Scientists are reporting a key advance toward the long-awaited era of "single-molecule electronics," when common electronic circuits in computers, smart phones, audio players, and other devices may shrink to the size of a grain of sand. The breakthrough is a method for creating and attaching the tiny wires that will connect molecular components, reports a new study in the Journal of the American Chemical Society.
Yuji Okawa and colleagues write that the "key to single-molecule electronics is connecting functional molecules to each other using conductive nanowires. This involves two issues: how to create conductive nanowires at designated positions, and how to ensure chemical bonding between the nanowires and functional molecules." That challenge has stymied many researchers, who have struggled to produce wires small enough to use in molecular circuits.
The scientists now demonstrate a method that uses the tip of a scanning tunneling microscope to jump-start the formation of a molecule chain. The chain or "wire" spontaneously chemically bonds with other molecular components in the circuit under construction, a process that Okawa and colleagues dub "chemical soldering." The wiring method can be used to connect molecular switches, memory bits, and transistors. The scientists say their technique "will enable us to develop cheaper, higher-performance, and more ecological alternatives to conventional silicon-based devices."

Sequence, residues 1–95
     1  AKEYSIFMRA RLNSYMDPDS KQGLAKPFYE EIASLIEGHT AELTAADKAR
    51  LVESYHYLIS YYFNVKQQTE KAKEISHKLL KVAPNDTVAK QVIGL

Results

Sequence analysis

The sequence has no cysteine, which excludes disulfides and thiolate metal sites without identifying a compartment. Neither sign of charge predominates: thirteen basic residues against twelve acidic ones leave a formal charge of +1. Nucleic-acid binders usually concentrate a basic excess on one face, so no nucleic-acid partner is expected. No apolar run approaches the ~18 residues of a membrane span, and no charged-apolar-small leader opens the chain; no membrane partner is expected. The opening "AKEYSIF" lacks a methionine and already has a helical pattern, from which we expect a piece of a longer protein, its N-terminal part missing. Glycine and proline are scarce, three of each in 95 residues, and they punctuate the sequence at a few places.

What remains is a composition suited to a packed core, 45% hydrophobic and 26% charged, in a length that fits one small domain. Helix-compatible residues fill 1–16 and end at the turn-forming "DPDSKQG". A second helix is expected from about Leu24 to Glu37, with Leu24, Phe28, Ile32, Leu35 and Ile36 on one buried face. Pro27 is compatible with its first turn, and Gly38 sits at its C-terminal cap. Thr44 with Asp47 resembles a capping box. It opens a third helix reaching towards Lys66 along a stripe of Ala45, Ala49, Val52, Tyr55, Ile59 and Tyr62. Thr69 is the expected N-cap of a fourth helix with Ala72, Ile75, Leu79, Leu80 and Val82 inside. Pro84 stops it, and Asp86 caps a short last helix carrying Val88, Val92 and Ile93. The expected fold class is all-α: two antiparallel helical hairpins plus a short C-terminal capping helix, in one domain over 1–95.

Explore further: Single molecule electronics and 'chemical soldering'
Chemical Wiring and Soldering toward All-Molecule Electronic Circuitry, J. Am. Chem. Soc., 2011, 133 (21), pp 82278233
Key to single-molecule electronics is connecting functional molecules to each other using conductive nanowires. This involves two issues: how to create conductive nanowires at designated positions, and how to ensure chemical bonding between the nanowires and functional molecules. Here, we present a novel method that solves both issues. Relevant functional molecules are placed on a self-assembled monolayer of diacetylene compound. A probe tip of a scanning tunneling microscope is then positioned on the molecular row of the diacetylene compound to which the functional molecule is adsorbed, and a conductive polydiacetylene nanowire is fabricated by initiating chain polymerization by stimulation with the tip. Since the front edge of chain polymerization necessarily has a reactive chemical species, the created polymer nanowire forms chemical bonding with an encountered molecular element. We name this spontaneous reaction chemical soldering. First-principles theoretical calculations are used to investigate the structures and electronic properties of the connection. We demonstrate that two conductive polymer nanowires are connected to a single phthalocyanine molecule. A resonant tunneling diode formed by this method is discussed.